In a hurly-burly time, when the whole world seems to have gone mad, with the flames of hatred fanned by malign influences roiling the Internet and our streets, those desperately grasping for hope might remember those principles, traditions and values that truly unite all Americans.
One of them is that everyone loves to sue the feds.
Win or lose, women’s interest and lifestyle publisher Meredith Corp. gets to take a victory lap just for sheer gumption. It is suing the Internal Revenue Service for over collection of income taxes — to the tune of $12 million. The case hinges on what Meredith argues is the IRS’ mistaken refusal to grant an income-tax deduction, based on the feds’ misunderstanding of one of the company’s printing business arrangements.
According to the lawsuit, filed in federal court in Meredith’s hometown of Des Moines, Iowa, the IRS disallowed a deduction on income taxes claimed by Meredith from 2006-2012, due to the legal status of Meredith’s publications when they were under a printing contract.
OK, so it’s not exactly gripping, whatever it is. While the details may be opaque, most companies don’t work up the courage to sue the IRS unless they’re pretty sure their legal ducks are in a row, so presumably Meredith’s lawyers have reason to feel confident.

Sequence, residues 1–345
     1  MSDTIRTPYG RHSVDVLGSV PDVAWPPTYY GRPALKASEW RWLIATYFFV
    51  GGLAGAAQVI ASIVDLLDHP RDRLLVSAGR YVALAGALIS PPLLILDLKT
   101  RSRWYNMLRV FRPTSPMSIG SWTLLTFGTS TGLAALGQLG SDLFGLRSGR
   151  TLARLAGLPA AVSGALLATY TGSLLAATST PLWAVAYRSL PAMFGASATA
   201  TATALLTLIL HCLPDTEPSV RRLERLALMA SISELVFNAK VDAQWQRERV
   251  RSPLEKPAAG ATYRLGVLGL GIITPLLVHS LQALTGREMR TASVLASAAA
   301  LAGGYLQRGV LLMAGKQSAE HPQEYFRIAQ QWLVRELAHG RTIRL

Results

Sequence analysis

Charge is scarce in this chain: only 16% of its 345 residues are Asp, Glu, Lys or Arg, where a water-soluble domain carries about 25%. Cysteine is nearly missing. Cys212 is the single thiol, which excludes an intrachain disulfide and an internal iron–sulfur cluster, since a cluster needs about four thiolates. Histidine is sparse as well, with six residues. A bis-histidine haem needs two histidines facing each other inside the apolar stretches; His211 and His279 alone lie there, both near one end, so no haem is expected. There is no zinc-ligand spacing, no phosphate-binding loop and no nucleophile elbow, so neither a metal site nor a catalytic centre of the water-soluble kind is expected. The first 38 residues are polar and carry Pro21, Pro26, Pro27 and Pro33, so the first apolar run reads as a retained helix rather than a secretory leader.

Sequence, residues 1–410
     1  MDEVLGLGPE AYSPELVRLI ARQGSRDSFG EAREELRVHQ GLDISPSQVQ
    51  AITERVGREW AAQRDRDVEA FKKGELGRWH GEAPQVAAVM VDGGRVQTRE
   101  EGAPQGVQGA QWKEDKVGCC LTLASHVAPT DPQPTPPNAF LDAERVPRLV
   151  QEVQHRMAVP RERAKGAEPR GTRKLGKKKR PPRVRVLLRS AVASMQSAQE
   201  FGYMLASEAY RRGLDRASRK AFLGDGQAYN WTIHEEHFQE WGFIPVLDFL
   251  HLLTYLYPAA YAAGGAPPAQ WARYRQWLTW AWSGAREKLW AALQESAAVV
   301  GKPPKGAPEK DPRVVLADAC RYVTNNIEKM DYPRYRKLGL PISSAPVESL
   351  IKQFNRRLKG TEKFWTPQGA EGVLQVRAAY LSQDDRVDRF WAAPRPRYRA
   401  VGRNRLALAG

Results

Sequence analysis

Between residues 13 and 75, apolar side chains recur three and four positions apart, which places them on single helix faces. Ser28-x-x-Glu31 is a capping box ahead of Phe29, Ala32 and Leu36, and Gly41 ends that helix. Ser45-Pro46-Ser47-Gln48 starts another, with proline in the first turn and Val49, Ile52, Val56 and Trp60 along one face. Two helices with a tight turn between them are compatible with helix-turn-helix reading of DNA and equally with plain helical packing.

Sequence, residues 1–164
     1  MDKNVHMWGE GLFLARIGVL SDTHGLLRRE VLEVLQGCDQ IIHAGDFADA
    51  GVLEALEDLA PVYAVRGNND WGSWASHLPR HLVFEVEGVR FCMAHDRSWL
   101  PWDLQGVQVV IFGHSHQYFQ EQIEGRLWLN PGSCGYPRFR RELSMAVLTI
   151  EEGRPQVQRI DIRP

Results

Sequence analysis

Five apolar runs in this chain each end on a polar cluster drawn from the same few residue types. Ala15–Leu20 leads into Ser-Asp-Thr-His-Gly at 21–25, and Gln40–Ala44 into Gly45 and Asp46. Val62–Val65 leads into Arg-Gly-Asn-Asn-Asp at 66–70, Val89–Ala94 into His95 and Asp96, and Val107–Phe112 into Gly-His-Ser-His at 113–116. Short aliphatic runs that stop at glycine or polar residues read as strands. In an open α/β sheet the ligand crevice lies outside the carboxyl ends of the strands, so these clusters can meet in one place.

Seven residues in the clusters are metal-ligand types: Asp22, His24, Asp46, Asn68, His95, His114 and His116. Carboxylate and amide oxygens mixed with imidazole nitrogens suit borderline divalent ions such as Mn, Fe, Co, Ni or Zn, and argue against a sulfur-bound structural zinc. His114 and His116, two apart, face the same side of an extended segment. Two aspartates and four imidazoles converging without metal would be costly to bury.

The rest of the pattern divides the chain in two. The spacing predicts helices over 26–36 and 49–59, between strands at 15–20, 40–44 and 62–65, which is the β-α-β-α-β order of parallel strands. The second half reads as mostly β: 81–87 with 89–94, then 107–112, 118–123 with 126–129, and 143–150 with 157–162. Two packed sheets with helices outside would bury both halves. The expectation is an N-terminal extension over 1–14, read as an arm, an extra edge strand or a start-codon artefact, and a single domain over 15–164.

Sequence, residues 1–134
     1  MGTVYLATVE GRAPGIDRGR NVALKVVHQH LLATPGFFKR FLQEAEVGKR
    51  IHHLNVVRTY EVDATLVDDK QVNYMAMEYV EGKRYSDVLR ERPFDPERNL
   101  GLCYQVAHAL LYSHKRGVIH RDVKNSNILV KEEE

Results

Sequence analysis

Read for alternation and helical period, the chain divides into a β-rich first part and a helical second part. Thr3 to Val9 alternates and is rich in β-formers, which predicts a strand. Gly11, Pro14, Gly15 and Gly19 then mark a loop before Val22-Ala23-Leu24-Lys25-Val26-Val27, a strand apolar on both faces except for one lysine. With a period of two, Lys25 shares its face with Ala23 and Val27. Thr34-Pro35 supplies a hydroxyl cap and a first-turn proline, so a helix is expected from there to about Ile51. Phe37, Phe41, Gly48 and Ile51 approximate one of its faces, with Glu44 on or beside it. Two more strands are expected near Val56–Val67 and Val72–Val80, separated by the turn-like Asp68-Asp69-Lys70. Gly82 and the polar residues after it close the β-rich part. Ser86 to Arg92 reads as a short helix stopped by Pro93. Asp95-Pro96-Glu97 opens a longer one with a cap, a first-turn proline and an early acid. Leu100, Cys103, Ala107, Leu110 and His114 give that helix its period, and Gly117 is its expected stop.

It takes some serious legal firepower to bring the mighty IRS to book, but the effort does pay off — at least occasionally. In June, a court ruled in favor of hundreds of thousands of tax preparers in a class-action suit against the IRS over the latter’s charging illegal registration fees. The IRS was found at fault and ordered to pay $150 million in restitution.
The federal tax agency was also sued by conservative groups for its alleged political monitoring, undue scrutiny and discrimination against Tea Party-linked groups seeking tax-exempt status beginning in 2010.
In October, the IRS issued an apology for some of its employees' behavior as part of a legal settlement for one of the cases brought by Tea Party members alleging discriminatory treatment for political ends.